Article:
Native American culture added to the curriculum

La Conner schools build on long ties to Swinomish Tribe

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MOUNT VERNON — Though a channel divides the town of La Conner from the Swinomish Indian Tribal Community reservation, the two cultures are intertwined in Michael Carrigan’s shop class at La Conner High School.

His file cabinets are full of traditional Native American imagery — pictures of salmon, orcas and ravens. In a heartbeat, Carrigan can pull out examples of student-made tools and drums.

For their final projects, students carve totem poles that tell their own stories.

“It’s good for keeping some of the skills alive,” Carrigan said. “It generates an awareness, which creates a respect for other cultures.”

In La Conner schools, the cultural collaboration between the district and the tribe is a way of life.

“The Swinomish Tribe and La Conner schools have worked together for a very long time,” said Peg Seeling, who is the district’s director of teaching and learning, as well as its director of assessment. “It’s amazing how much history they have together.”

Thanks to a newly modified state law, school districts throughout the state are now figuring out how to be more like La Conner.

Passed during the 2015 legislative session, the law requires schools to incorporate a state-created curriculum, called Since Time Immemorial, to enhance what students learn about Washington’s 29 federally recognized tribes.

In Carrigan’s classroom, junior Nakesha Edwards is focused on a piece of cedar, carving it into what will soon become a bird.

“It relaxes me,” the 16-year-old said of woodworking.

Carving is a skill Edwards is refining in the classroom, but it’s an art she learned from her uncle, Swinomish Senator Kevin Paul, who has co-taught classes with Carrigan for more than a decade.

“I want to share the gift of the knowledge that was handed down to me,” Paul said.

‘A broader story’

Before coming to La Conner, Edwards said lessons about her culture weren’t something she was taught.

“People should learn about our ways,” Edwards said. “But they should learn about different ways as well. Come in with an open mind.”

The curriculum is intended to create more opportunities for all kids throughout the state to learn about Native American history and how it has helped shape Washington.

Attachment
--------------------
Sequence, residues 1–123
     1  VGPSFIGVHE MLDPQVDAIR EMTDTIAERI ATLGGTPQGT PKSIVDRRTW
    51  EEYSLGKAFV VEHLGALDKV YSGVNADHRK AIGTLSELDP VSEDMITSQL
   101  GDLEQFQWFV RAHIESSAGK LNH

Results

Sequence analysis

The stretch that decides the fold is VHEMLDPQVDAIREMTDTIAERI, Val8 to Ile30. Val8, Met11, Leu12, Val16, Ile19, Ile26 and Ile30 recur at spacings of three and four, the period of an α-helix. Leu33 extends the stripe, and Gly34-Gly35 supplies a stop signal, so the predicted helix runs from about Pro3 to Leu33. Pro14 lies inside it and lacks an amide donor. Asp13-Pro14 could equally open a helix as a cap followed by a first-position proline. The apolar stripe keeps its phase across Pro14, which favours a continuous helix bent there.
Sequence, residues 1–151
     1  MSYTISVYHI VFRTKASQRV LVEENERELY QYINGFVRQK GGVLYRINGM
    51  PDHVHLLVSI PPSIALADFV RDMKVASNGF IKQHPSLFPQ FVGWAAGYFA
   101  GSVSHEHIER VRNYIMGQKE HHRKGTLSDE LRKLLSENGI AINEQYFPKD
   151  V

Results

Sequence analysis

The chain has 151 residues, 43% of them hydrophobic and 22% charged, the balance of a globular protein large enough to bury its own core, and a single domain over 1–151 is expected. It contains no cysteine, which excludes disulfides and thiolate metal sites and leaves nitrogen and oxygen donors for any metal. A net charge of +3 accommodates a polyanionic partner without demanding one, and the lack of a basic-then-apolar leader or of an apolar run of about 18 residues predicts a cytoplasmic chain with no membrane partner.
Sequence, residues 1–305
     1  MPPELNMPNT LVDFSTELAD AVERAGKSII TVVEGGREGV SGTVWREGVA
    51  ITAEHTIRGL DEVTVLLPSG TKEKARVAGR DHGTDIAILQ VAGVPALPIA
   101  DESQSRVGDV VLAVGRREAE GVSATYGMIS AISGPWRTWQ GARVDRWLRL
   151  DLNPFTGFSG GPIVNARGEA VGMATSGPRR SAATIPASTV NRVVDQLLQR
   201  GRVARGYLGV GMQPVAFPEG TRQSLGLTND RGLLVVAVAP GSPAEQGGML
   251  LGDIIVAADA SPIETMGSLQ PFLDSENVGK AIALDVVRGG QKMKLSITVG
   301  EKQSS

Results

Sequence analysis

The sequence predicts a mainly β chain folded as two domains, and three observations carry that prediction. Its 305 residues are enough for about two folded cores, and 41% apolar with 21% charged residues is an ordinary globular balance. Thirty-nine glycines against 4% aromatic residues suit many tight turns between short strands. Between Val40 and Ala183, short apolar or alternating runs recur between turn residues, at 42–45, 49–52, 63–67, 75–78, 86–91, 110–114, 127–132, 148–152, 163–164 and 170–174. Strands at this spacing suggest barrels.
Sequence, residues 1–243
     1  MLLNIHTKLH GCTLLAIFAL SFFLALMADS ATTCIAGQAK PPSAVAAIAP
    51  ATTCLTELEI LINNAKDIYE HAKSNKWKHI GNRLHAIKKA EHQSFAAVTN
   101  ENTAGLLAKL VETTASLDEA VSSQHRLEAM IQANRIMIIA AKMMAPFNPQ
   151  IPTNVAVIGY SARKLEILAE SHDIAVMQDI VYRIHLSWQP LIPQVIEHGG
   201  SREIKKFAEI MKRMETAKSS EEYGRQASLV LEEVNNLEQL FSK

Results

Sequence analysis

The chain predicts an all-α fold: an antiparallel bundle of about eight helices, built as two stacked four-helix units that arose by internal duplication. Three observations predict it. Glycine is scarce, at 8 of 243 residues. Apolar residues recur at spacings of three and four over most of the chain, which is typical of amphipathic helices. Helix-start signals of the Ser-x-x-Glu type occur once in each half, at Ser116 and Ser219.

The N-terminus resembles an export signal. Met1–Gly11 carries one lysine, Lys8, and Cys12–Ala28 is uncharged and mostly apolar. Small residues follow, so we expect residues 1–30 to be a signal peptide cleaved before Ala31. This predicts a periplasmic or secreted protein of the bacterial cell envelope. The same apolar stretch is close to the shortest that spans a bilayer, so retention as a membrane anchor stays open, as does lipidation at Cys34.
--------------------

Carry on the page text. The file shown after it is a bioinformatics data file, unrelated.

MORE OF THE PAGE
“The intention of the curriculum is to benefit all kids in public education,” said Michael Vendiola, program supervisor for the Office of Superintendent of Public Instruction’s Office of Native Education. “This is not about focusing only on one particular student group. It’s filling in some of the missing information about the tribal community to the Washington state story.”

Vendiola has personal experience with some of that missing information.

A member of the Swinomish tribe, Vendiola said he’s always had a strong connection to his culture through his tribe. He didn’t attend La Conner schools, and the schools he attended didn’t teach his culture at the same level as his tribe.

“It was a minimum,” he said. “And it was presented in a past tense, as if myself, as a person who identified as a Native American, didn’t really exist in the current society. It was about looking at the past and more of like an anthropological look at how our people lived a long time ago.”

That perspective does a disservice to all students, Vendiola said.

“It leaves a tremendous hole in the story of what makes us Washington state,” he said. “That’s what we feel is really important about implementing this curriculum is that it tells a broader story.”

A more complete view

The Since Time Immemorial curriculum addresses sovereignty, treaties and court rulings. They are topics tribes and communities deal with every day.

“The typical U.S. history book does not adequately or appropriately cover Native American culture,” Seeling said. “One-third of our kids are Native. We want to do it right.”

Paul agreed.

“Having this curriculum in place, (students) will have a different view of what an Indian is and where they come from,” he said. “According to the old textbook, we still live in tepees. We’re still ‘wild’ people.”

The move toward a more complete Native American curriculum at the state level began in 2005, Vendiola said. At that time, the Legislature passed a law saying the districts’ implementation of the Since Time Immemorial curriculum was “encouraged.”

Only two districts, Marysville and Fife, officially adopted the curriculum at that time, he said.

In its 2015 session, the Legislature made implementation of the curriculum mandatory.

“This shift to requiring it, I think recent history proves how necessary that is,” said K.C. Knudson, executive director of teaching and learning for the Burlington-Edison School District. “I don’t think we were doing our best prior to legislation change.”

Adaptable

The curriculum is free to school districts and available online. The districts are encouraged to adapt it to best fit their schools, Vendiola said.

The curriculum is meant to enhance lessons already taught in fourth-, seventh- and 11th-grade social studies classes, but can be expanded to fit all grades.

Districts are also encouraged to adapt the curriculum to their local tribes, an idea Knudson said is important for deeper understanding.

“Some of the most egregious errors that I think we made were not valuing our local tribes as resources,” he said. “Here we are with kids in our classrooms that are living, breathing resources, with family members at home that are also living, breathing resources.”

All 29 federally recognized tribes in the state have endorsed the state-created curriculum, Vendiola said.